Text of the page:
Next he delves into microbes and their genetic possibilities. They are the oldest and most adaptive life forms on the planet, they live in us, indeed they live in our every cell, they are immortal as they split, and they are everywhere in the biosphere. The new science of metagenomics, of studying microbes as superorganisms rather than individuals involves studying their DNA rather than culturing them since most cannot be cultured. He goes through the work of ex-surfer microbiologist Craig Venter in finding multitudes of microenvironments in drops of ocean water. Metagenomics shows that we are always sharing DNA with those around us, microbially. Microbes make up 80% of the Earth’s biomass. 90% of our human cells are microbes. The main metagenomics method is “shotgun sequencing” of microbial communities. In essence we are superorganisms composed of human and microbial parts. Microbes swap genes (illegal in Europe!) quite frequently (every few minutes). Such gene shuffling is a key part of bacterial behavior. Natural gene flow can occur in species that are totally unrelated – not even in the same genus or kingdom. New Scientist reports that virus-like genes represent up to 90% of the human genome. Gene-swapping through viruses may be the main driver of evolution, some scientists suspect. From the New Scientist report: “It is looking more and more as though the biosphere is an interconnected network of continuously circulated genes – a pangenome.” Brand adds: “It’s a transgenic world.”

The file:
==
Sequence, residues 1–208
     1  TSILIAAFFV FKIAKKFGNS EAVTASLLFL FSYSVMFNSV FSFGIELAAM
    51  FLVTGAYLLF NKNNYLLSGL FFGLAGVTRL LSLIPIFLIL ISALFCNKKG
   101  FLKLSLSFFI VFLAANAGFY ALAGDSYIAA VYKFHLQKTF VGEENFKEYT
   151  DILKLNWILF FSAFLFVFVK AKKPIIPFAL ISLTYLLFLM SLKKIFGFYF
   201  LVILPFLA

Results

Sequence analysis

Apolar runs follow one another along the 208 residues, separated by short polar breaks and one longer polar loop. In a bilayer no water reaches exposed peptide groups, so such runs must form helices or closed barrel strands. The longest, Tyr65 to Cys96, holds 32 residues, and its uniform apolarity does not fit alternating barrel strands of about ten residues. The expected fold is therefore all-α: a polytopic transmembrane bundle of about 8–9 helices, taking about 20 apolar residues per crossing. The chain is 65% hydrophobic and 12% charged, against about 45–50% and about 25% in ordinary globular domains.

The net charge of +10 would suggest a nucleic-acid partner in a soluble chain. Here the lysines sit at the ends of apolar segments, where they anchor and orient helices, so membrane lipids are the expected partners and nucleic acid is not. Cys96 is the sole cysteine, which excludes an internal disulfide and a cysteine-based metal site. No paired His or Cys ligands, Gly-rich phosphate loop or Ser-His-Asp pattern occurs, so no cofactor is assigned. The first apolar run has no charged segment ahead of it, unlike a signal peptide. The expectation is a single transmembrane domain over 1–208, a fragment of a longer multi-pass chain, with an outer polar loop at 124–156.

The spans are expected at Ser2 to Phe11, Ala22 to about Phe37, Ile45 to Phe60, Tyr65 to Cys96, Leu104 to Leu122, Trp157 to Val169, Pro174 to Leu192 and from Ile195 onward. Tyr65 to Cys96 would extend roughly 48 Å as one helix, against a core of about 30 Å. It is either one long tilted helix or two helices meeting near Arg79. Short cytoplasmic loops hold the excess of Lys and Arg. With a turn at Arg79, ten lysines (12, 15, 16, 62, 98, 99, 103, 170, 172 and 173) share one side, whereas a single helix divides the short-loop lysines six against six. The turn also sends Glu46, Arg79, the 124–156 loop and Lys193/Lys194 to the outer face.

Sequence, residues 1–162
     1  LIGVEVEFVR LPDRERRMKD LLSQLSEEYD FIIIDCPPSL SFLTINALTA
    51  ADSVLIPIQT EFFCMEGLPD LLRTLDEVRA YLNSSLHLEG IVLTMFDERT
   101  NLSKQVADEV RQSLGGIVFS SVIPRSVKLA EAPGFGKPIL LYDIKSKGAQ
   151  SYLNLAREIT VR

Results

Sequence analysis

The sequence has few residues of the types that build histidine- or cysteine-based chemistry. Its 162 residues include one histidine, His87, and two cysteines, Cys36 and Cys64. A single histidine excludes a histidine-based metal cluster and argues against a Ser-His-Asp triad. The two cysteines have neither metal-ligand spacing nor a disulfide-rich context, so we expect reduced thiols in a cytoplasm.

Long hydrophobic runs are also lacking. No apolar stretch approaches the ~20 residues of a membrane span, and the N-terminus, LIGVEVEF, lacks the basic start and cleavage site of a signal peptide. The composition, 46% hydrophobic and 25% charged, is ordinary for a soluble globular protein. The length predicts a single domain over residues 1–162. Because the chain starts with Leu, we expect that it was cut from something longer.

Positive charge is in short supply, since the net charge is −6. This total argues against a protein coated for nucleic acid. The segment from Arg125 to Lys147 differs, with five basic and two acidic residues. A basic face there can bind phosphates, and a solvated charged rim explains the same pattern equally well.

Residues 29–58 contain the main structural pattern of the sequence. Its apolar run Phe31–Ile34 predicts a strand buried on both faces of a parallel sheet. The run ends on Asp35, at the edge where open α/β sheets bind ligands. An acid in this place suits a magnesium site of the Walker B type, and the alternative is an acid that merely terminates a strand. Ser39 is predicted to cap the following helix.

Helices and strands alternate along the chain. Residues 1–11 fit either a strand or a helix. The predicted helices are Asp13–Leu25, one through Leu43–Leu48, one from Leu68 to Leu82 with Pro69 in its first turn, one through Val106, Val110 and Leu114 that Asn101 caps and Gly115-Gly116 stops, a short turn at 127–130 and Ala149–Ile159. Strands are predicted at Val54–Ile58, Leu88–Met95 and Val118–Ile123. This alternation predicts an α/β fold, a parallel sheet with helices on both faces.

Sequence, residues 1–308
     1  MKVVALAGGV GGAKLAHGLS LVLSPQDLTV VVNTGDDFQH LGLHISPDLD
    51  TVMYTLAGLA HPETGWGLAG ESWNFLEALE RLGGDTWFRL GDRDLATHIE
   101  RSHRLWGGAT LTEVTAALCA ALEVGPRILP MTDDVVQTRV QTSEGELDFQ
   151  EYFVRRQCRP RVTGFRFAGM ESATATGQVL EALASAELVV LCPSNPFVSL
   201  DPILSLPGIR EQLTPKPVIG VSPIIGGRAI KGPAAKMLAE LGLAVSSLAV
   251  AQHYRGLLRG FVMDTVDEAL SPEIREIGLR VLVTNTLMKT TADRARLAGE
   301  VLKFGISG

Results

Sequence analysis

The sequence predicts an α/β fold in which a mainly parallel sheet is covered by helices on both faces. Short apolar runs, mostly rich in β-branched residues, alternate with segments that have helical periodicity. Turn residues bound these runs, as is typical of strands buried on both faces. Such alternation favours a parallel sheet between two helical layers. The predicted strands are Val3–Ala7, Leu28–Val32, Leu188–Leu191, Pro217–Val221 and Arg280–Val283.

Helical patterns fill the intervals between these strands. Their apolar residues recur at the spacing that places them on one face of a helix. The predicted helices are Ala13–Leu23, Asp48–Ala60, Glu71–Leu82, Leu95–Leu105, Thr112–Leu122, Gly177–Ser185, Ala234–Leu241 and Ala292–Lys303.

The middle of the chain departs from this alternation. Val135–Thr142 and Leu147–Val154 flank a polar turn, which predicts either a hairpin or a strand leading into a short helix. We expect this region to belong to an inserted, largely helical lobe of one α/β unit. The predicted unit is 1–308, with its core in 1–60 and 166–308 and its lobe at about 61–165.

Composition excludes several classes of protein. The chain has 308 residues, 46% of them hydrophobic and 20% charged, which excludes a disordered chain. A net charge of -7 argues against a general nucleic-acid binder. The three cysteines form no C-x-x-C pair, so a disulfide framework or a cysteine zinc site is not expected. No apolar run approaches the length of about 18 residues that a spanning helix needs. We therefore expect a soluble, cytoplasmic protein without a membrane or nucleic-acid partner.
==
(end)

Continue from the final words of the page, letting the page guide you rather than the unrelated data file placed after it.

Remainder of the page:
Gene transfer has allowed microbes to “learn” through mechanisms such as chemical signaling and quorum sensing. Microbes have amazing properties and abilities. Some have been revived after 250 million years of dormancy in rocks. Some can withstand massive amounts of radiation, heat, and cold. Gene flow is also called horizontal gene transfer as distinguished from vertical gene transfer from parents to offspring. It is more Lamarckian than Darwinian. Freeman Dyson agrees that once biotech is freed from domination by large corporations it will be “domesticated” by an open-source biotech model and given to whoever has the skill to work with it and it will no longer be controversial. Calls for bans will no longer be practical (now) or possible (near future). Environmentalists are being left behind, Brand suggests. Synthetic biology consortiums are popping up all over the world to enhance the possibilities and reduce any potential problems.